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Depth-size related patterns of marine isopods in the Nordic Seas
Svavarsson, J.; Kristjánsson, B.K. (2001). Depth-size related patterns of marine isopods in the Nordic Seas, in: Kensley, B. et al. (Ed.) Isopod systematics and evolution. Crustacean Issues, 13: pp. 277-288
In: Kensley, B.; Brusca, R.C. (Ed.) (2001). Isopod systematics and evolution. Crustacean Issues, 13. Balkema: Rotterdam, The Netherlands. ISBN 90-5809-327-1. 357 pp., more
In: Schram, F.R. (Ed.) Crustacean Issues. Balkema/CRC Press/Taylor & Francis: Rotterdam. ISSN 0168-6356, more

Available in  Authors 
    VLIZ: Crustacea [11273]

Keyword
    Marine

Authors  Top 
  • Svavarsson, J.
  • Kristjánsson, B.K.

Abstract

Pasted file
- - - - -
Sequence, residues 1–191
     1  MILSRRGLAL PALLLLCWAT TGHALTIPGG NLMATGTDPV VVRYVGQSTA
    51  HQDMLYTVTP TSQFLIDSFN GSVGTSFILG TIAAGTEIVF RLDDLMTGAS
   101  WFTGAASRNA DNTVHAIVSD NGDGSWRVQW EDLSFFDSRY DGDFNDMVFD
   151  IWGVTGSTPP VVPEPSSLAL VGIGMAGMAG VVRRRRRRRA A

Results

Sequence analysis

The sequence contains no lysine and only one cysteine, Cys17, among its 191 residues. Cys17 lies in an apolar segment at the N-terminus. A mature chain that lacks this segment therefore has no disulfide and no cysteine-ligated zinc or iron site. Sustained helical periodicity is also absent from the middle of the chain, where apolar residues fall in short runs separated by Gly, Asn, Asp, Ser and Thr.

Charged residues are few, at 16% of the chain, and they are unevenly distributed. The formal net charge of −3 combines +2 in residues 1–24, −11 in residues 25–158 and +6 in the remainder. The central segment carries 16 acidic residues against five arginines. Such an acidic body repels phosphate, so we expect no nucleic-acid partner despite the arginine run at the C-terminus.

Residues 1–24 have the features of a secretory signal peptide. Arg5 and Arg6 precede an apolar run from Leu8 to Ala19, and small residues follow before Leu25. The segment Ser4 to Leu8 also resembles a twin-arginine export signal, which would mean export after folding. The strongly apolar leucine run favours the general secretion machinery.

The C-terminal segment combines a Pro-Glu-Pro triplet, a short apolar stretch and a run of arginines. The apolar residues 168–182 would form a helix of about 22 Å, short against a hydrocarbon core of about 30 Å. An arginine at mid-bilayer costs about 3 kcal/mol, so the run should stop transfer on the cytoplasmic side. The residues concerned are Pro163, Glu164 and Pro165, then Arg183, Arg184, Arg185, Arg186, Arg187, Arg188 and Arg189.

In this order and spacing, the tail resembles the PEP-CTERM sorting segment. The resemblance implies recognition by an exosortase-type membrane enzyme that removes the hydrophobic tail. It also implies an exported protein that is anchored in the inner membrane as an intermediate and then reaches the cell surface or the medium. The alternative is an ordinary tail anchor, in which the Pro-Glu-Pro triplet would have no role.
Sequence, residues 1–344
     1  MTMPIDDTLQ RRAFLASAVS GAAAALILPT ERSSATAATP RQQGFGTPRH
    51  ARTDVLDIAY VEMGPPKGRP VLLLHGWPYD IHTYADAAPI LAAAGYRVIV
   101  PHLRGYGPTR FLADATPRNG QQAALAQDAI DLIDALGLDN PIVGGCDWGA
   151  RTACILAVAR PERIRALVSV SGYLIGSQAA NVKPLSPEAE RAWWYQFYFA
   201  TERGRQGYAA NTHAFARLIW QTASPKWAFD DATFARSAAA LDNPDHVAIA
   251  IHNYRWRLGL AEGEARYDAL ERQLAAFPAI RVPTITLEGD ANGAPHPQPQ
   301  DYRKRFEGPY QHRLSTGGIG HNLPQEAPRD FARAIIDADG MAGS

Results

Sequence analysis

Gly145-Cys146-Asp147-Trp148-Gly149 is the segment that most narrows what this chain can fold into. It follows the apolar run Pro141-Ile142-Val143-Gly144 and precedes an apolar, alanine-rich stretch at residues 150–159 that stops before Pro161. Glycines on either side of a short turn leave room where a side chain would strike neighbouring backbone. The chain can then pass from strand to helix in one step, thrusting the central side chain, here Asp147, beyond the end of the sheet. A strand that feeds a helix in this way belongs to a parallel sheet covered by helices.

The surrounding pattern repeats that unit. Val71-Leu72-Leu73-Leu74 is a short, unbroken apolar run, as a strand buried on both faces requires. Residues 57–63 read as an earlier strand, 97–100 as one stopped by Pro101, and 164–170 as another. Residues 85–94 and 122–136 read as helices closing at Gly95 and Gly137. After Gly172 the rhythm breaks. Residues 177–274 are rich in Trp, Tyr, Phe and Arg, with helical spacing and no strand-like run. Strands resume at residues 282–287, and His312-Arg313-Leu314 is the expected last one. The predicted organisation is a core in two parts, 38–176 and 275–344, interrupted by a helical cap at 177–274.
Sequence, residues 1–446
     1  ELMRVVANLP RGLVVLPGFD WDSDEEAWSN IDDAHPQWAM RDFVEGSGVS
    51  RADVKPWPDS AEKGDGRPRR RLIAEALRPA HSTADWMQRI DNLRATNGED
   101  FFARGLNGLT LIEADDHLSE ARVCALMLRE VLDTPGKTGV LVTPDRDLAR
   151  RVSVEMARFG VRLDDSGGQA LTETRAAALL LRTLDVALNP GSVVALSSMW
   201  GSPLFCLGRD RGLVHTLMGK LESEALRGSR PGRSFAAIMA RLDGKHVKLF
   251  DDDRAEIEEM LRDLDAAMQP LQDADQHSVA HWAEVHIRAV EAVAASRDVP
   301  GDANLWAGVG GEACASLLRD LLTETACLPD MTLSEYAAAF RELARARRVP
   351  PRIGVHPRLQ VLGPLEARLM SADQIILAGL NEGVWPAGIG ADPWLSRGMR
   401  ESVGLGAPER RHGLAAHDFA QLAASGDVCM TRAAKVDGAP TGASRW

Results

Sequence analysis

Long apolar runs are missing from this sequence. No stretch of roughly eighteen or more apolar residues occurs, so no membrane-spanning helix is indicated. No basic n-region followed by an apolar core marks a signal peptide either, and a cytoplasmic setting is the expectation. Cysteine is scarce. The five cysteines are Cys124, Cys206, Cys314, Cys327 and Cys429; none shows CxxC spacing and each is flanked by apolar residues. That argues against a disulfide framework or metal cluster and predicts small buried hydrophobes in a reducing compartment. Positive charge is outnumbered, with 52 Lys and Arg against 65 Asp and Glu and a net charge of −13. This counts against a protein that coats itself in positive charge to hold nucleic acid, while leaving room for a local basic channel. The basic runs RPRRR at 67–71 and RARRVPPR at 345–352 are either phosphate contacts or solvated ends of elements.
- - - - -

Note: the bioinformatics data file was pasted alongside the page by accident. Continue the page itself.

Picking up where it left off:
Patterns of body size with depth were evaluated for marine isopods crustaceans in the Nordic Seas (the Iceland Sea, the Norwegian Sea), within the depth range of 18 to 3900 m. In all, 55 isopod species were considered, of which most species (85%) belong to the suborder Asellota. The pattern of body size with depth differed considerably depending upon groups of isopods considered. When all isopod species were included in the analysis no pattern in average maximum body size (calculation based on all species at each locality) was observed with depth. There was, however, a significant increase in the average maximum size of asellote isopods with increasing depth and also when munnopsid asellotes were considered only. There was further a significant correlation between the average maximum body size of both asellote isopods and munnopsid asellotes and the nearbottom temperature, while no pattern was observed when all isopods were considered. No correlation was found between the average maximum body size and the species richness of the isopods. There was, however, a highly significant correlation between the variation of the maximum size of the asellote isopods and the species richness. It is concluded that size-depth related patterns are more likely to occur within a homogenous group than a heterogeneous one as functional aspects may be more size determining than physiological factors, such as the temperature. We suggest that the temperature, in connection with food availability, constraints size-depth related patterns of asellote isopods in the Nordic Seas. The pattern of diversity of the deep Arctic Ocean and Nordic Seas may be reflected in large size distribution of asellotes at high diversity sites but narrower size range in low diversity areas.

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